The Sun Also Rises Masculinity

818 Words4 Pages
The Sun Also Rises, by Ernest Hemingway, depicts the internal and external struggles of masculinity of each character in the novel. Ironically, Brett, the only woman in the book, displays masculinity throughout all of her actions. Each man in the book gravitates towards Brett as they search for their own masculine identity. For example, Mike Campbell, Brett’s main lover, uses Brett to channel his masculinity. Mike has no real masculine traits without Brett, so instead he covers up these shortcomings with alcohol. Mike’s dependence on masculine objects,like liquor and women, help to create a false facade of masculinity. This trend continues through the entirety of Mike’s actions. For example, in an attempt to appear manly, he gropes Brett in public, flaunting his ability to obtain a woman as beautiful as her. His struggle to achieve the peak of masculinity only furthers gender stereotypes throughout the novel. There are certain things that an ideal man must achieve, and the only way Mike can attempt to achieve these ideals is through Brett. He is a prime example of how fragile masculinity is. When Brett leaves Mike all of his perceived strengths go with her. Ironically, Brett is the only truly masculine character in the…show more content…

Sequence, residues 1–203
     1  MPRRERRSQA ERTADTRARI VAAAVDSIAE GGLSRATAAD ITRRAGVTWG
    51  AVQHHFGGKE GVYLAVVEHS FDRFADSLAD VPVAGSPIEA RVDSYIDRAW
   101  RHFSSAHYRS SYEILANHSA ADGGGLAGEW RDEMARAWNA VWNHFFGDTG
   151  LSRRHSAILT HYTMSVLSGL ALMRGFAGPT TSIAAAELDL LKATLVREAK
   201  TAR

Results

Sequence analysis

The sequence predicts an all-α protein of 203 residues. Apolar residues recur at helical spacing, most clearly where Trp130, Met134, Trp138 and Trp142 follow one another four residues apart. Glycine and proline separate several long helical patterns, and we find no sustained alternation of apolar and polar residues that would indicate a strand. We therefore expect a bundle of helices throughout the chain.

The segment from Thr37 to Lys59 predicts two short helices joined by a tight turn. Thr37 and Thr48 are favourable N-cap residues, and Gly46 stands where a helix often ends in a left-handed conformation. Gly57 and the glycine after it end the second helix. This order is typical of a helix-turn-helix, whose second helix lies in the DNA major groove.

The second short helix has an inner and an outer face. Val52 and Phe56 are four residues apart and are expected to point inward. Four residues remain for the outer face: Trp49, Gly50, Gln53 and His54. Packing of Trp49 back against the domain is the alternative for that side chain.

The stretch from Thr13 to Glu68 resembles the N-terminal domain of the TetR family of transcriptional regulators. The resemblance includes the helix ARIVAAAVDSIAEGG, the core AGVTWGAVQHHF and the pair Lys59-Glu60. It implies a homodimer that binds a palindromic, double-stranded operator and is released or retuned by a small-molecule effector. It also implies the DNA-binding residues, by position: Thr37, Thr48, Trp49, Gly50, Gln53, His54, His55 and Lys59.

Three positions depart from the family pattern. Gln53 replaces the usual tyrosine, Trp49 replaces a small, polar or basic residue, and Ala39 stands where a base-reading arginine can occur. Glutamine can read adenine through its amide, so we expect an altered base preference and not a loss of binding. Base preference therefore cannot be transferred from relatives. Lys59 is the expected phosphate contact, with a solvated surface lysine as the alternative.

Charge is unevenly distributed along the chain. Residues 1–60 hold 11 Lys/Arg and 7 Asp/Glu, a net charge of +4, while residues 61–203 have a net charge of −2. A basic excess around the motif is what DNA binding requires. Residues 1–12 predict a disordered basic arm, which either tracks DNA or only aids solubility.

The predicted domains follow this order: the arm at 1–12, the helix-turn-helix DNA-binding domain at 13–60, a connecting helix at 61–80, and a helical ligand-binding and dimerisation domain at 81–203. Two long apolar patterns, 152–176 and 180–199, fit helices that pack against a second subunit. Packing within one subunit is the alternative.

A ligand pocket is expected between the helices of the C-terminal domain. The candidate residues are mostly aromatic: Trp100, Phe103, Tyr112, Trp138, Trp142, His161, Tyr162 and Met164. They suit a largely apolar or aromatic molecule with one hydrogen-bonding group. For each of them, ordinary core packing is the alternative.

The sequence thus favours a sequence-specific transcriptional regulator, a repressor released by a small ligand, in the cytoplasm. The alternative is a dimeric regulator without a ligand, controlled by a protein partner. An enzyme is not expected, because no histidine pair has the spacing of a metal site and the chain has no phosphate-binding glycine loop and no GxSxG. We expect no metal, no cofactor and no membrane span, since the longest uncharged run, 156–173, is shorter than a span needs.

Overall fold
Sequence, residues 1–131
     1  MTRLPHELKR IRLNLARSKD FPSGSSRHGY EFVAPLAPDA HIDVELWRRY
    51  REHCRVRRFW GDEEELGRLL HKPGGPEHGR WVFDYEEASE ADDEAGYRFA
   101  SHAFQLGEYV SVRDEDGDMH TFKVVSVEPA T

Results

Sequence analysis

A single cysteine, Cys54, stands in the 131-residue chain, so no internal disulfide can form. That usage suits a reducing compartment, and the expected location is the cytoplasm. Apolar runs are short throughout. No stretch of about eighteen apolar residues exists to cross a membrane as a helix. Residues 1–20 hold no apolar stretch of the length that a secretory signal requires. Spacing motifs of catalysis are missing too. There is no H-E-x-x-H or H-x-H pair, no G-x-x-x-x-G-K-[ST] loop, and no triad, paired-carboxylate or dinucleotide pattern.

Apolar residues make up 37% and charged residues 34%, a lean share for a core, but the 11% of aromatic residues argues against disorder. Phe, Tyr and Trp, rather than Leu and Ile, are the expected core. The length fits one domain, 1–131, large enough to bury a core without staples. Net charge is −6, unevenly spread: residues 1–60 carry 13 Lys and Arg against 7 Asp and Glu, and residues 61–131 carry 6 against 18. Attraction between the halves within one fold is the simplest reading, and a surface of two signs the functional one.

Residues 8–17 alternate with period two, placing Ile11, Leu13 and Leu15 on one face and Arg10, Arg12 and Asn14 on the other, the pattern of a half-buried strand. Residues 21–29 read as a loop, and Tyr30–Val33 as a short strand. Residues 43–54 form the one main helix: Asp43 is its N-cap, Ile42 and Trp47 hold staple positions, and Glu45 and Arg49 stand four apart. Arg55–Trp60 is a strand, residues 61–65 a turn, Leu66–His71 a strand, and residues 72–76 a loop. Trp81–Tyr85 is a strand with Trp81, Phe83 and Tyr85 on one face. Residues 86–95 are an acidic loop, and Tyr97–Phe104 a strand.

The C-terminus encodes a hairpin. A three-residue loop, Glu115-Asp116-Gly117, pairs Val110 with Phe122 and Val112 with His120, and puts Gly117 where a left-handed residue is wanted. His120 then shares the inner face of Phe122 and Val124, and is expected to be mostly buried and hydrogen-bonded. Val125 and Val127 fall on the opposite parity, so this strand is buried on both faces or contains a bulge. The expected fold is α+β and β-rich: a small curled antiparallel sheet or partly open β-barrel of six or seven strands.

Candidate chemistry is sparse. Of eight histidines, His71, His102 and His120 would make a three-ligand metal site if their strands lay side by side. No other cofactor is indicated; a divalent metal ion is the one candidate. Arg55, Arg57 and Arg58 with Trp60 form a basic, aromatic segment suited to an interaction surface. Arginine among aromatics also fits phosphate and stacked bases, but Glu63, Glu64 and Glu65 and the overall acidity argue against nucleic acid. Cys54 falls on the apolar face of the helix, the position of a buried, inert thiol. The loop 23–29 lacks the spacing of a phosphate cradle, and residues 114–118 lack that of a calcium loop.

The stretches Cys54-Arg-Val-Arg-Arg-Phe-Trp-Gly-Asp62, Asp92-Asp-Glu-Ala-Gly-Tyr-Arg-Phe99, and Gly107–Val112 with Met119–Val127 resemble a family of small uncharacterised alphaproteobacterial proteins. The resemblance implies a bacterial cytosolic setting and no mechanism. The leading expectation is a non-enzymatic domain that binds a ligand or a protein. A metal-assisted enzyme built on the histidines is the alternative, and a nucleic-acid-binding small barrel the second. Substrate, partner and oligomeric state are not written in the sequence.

Masculinity is represented through wealth, status, and power. Femininity is lacking these traits. Only through Brett's help can Mike display masculinity. His desire to become an ideal masculine being is simply impossible. He is far too dependent on Brett and her masculine power to ever be successful on his own. This juxtaposition between Mike and Brett should create conflict, but instead Brett effortlessly controls the power in every situation. Mike cannot come close to possessing the masculinity Brett gracefully displays. She embodies beauty, grace and masculinity. Brett is the true omnipotent character throughout The Sun Also Rises, and everyone else is just trying to catch
Open Document